Despite the fact that classes in school can last for an hour or more, humans are not good at paying attention to one thing for an extended period of time. At the biological level, we are programmed to pay attention to multiple things for short periods of time, instead of focusing on one object. Of course, we can attribute this to our propensity for staying alive by fleeing at the first sign of danger. This biologically leads to short attention spans, and we must learn to account for this in our learning endeavors.
Multiple studies have investigated exactly how long our attention spans are; in one early study, scientists noticed that the quality of the notes students took during a lecture declined in quality as the lecture went on. This led them to posit that human attention spans were ten-to-fifteen minutes long and that we have difficulty paying attention to information after that much time passes.
A different study utilized trained observers to watch students for lapses in attention during a lecture. They noticed peak inattention in three spots: during the initial settling-in period, ten-to-eighteen minutes into the lecture, and toward the end of the lecture. Indeed, by the final ten minutes, they noticed students failing to pay attention as often as every three-to-four minutes. Their conclusion was that declines in attentiveness occur over time, and there is a certain acclimatization period at the beginning, during which we are particularly susceptible to losing focus.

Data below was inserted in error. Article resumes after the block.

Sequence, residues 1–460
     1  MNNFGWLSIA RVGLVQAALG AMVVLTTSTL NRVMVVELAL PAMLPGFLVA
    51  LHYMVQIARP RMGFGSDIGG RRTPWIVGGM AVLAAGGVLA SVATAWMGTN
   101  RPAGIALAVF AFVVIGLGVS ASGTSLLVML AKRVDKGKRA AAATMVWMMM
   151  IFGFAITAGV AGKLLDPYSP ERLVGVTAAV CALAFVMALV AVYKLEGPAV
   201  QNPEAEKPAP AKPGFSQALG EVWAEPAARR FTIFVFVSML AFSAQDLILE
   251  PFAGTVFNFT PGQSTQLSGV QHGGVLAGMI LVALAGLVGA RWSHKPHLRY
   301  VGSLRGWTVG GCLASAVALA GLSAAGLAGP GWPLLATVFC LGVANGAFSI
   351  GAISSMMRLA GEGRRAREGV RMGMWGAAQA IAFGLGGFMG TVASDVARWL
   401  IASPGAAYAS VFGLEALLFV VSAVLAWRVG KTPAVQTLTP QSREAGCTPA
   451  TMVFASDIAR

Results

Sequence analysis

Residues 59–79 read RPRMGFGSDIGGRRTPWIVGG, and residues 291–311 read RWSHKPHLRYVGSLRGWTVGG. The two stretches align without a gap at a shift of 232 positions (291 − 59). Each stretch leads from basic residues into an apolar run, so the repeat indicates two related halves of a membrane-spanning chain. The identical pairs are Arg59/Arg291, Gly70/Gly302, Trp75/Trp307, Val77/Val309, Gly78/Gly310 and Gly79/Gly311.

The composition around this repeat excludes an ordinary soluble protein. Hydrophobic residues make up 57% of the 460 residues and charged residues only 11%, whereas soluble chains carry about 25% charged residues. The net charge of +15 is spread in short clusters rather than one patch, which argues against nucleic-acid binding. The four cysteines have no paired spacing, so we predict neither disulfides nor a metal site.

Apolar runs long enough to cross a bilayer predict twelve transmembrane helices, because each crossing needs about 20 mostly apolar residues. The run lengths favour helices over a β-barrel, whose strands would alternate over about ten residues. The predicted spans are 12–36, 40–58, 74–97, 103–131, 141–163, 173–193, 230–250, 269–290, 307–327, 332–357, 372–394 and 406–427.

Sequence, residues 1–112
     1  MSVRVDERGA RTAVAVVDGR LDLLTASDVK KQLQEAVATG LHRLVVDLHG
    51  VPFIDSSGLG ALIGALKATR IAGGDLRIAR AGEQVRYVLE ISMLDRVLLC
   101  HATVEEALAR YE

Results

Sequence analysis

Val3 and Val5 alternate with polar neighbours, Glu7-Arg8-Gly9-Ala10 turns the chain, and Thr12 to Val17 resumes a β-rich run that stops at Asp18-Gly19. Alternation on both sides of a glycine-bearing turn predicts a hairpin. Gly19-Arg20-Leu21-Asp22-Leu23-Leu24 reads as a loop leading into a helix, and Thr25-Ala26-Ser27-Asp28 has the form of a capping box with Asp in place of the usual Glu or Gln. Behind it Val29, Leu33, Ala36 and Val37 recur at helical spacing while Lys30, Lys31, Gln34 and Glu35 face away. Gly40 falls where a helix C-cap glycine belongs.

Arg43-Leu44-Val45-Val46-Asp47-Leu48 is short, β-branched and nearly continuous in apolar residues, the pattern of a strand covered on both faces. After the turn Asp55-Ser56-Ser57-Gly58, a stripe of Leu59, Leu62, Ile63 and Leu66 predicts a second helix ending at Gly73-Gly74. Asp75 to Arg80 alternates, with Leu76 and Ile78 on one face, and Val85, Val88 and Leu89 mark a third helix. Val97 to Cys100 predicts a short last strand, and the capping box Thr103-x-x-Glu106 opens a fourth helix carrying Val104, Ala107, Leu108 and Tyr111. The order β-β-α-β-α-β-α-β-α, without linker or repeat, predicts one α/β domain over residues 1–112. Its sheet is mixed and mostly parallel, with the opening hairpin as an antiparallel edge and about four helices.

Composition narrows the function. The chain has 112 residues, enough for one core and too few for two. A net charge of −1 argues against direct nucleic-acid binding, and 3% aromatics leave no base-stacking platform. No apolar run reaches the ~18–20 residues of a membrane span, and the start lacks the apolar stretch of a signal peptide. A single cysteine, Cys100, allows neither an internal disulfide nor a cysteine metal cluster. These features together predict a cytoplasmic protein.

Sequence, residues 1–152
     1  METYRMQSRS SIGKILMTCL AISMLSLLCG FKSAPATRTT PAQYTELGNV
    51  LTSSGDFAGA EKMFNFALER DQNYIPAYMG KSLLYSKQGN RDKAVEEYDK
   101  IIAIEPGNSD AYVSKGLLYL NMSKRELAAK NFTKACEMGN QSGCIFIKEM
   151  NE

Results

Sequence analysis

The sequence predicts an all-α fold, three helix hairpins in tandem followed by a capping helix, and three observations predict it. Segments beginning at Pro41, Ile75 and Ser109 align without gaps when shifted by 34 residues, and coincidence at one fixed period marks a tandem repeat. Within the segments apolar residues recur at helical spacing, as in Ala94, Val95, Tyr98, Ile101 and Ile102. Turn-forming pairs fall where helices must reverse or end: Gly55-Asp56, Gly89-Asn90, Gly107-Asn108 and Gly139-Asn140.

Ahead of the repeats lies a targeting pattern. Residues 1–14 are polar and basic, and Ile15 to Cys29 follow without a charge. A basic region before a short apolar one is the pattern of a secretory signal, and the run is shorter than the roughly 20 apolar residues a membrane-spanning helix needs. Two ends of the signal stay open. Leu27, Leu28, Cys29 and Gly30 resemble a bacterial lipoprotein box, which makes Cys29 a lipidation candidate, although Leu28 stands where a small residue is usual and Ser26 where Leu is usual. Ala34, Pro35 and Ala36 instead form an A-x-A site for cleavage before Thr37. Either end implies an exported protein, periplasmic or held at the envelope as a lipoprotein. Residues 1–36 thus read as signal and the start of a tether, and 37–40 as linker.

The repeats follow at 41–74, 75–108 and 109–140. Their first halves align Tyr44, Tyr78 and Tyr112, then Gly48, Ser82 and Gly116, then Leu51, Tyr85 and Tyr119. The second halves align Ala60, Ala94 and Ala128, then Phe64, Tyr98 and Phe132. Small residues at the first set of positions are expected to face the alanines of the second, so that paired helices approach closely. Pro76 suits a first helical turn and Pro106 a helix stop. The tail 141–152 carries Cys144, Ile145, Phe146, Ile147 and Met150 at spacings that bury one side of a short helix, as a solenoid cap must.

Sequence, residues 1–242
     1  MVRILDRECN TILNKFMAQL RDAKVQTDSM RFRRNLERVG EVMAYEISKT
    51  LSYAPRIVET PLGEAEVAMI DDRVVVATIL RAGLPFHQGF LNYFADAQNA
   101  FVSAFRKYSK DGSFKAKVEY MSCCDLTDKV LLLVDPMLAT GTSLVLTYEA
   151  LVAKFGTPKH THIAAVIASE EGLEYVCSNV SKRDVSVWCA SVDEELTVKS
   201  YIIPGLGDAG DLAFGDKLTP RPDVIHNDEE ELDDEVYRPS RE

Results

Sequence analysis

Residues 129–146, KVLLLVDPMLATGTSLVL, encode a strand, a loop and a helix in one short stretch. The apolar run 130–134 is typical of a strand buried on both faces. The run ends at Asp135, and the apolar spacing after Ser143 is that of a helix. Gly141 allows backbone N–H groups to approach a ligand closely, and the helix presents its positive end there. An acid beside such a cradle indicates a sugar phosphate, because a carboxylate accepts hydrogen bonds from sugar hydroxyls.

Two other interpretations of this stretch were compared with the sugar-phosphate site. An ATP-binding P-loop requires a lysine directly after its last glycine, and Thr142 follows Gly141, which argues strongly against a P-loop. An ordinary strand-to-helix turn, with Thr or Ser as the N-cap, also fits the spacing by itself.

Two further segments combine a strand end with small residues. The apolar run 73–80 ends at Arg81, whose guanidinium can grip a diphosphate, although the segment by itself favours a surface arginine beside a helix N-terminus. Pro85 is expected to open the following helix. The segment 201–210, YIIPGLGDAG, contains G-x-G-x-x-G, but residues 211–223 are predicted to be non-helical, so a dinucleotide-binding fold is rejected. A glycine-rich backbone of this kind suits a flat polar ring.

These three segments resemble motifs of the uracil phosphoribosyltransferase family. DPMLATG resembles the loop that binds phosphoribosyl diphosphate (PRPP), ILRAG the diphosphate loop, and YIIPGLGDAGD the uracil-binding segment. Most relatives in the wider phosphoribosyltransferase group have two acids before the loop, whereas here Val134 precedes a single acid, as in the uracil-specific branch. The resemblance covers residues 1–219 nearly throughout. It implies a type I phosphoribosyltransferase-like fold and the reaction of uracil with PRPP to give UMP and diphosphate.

A third study provided students with clickers to press when they found themselves being inattentive during class. This time, the researchers had students sit in on three different types of classes. Some students sat in on a lecture course, others needed to pay attention to a demonstration, and others were in a question-and-answer session. Each student, regardless of the type of class they attended, was provided a clicker with three different buttons. One was pressed to record a lapse in attention of a minute or less, one was pressed to indicate lapses of two-to-four minutes, and the other was meant to indicate lapses of attention of five minutes or more. This data was then mapped onto the lecture or demonstration people attended to observe how a lesson’s style impacted student attentiveness.